The lack of association between periconception exposure to raltegravir and the occurrence of NTD has practical implications for the choice of antiretroviral therapy in HIV-1–infected pregnant individuals. Dolutegravir has been used in WHO programs for the treatment of HIV-1–infected pregnant women, largely due to twice daily dosing of raltegravir 400 mg; however, the recently updated treatment guidelines from the US Department of Health and Human Services and the European AIDS Clinical Society do not recommend use of dolutegravir during the first trimester of pregnancy, or for an individual of childbearing potential who is sexually active and cannot use effective contraception or is contemplating pregnancy. The guidelines now support raltegravir 400 mg twice daily as a preferred integrase strand transfer inhibitor option for nonpregnant women who are trying to conceive, and for initial therapy or continuing therapy during the first, second, or third trimester of pregnancy.2,3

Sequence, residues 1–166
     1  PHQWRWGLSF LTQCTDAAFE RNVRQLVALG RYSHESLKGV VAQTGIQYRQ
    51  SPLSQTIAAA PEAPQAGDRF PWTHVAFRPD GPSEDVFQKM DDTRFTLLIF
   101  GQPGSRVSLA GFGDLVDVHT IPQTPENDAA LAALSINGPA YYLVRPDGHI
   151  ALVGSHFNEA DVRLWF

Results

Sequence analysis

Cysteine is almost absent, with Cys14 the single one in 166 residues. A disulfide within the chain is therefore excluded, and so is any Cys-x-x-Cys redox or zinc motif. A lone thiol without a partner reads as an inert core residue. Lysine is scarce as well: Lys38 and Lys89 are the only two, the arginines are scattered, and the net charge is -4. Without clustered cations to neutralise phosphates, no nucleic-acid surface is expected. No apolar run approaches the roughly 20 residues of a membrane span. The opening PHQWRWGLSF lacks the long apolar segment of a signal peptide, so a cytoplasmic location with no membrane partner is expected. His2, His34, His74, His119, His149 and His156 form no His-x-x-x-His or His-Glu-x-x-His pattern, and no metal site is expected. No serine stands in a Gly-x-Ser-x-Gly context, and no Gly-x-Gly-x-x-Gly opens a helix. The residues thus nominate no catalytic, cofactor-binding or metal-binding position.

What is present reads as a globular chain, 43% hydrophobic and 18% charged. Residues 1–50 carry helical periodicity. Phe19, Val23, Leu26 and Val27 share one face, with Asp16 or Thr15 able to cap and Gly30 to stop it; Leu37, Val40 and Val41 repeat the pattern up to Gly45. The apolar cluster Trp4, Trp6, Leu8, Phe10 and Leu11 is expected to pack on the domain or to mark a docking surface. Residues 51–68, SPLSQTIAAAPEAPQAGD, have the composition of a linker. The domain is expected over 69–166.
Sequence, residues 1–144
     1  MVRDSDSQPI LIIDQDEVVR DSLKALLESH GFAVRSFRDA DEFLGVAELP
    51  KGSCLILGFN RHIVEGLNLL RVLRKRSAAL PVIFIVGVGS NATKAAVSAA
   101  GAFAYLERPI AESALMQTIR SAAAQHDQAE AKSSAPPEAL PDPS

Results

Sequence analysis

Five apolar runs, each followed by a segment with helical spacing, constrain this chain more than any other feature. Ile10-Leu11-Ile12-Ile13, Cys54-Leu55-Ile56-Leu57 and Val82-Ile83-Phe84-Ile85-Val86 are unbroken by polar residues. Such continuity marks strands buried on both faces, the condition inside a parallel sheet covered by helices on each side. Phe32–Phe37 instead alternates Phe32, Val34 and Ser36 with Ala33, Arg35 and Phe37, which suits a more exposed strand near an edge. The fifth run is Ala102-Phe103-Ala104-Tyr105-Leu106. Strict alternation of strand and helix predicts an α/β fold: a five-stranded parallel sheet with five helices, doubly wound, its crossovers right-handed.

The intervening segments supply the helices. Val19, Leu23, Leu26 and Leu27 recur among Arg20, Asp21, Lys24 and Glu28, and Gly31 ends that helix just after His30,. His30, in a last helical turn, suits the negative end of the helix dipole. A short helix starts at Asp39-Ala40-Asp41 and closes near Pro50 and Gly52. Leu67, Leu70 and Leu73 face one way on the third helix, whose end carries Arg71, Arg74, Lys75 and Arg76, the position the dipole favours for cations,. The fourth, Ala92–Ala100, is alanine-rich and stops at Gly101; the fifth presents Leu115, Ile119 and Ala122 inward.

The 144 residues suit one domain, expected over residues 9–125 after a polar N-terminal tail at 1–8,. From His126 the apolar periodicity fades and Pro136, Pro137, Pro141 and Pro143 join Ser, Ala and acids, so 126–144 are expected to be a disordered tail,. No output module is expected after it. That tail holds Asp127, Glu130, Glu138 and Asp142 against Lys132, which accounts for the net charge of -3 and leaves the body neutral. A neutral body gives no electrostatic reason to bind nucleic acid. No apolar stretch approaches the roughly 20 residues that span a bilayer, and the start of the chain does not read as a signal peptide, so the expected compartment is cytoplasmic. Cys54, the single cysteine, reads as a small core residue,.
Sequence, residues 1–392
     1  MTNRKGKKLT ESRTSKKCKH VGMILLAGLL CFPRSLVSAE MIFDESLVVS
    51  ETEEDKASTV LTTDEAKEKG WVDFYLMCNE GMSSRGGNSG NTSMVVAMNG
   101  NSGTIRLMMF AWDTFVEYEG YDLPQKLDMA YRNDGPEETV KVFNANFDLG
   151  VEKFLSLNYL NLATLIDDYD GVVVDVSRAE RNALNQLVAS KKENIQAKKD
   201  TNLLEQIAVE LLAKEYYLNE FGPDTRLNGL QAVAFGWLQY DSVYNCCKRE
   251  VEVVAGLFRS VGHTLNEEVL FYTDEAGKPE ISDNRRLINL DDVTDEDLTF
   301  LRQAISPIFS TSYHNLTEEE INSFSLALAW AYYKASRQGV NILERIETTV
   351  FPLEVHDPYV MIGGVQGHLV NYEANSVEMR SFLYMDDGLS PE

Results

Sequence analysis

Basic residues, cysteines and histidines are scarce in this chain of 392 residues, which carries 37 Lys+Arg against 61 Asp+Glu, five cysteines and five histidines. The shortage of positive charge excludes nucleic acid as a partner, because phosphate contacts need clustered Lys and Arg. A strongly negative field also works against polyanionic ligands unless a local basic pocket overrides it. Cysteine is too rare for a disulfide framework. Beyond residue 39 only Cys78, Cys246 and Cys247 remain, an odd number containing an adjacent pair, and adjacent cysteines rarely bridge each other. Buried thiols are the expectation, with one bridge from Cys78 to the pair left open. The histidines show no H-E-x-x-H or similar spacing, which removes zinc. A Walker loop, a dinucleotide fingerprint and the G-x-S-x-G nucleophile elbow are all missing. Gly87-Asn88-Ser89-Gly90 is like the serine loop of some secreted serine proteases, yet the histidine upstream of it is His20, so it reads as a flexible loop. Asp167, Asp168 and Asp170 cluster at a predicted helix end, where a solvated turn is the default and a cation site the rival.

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2. Panel on Treatment of Pregnant Women with HIV Infection and Prevention of Perinatal Transmission. Recommendations for the Use of Antiretroviral Drugs in Pregnant Women With HIV Infection and Interventions to Reduce Perinatal HIV Transmission in the United States. Available at: Accessed August 4, 2018.
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13. Center for Drug Evaluation and Research. Surveillance—FDA adverse event reporting system (FAERS) public dashboard. Available at: Accessed August 4, 2018.
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16. Jaccard/Tanimoto coefficient (online calculator). Available at: Accessed August 4, 2018.

raltegravir; pregnancy; neural tube defect; HIV infection; integrase inhibitor; dolutegravir

Copyright © 2019 The Author(s). Published by Wolters Kluwer Health, Inc.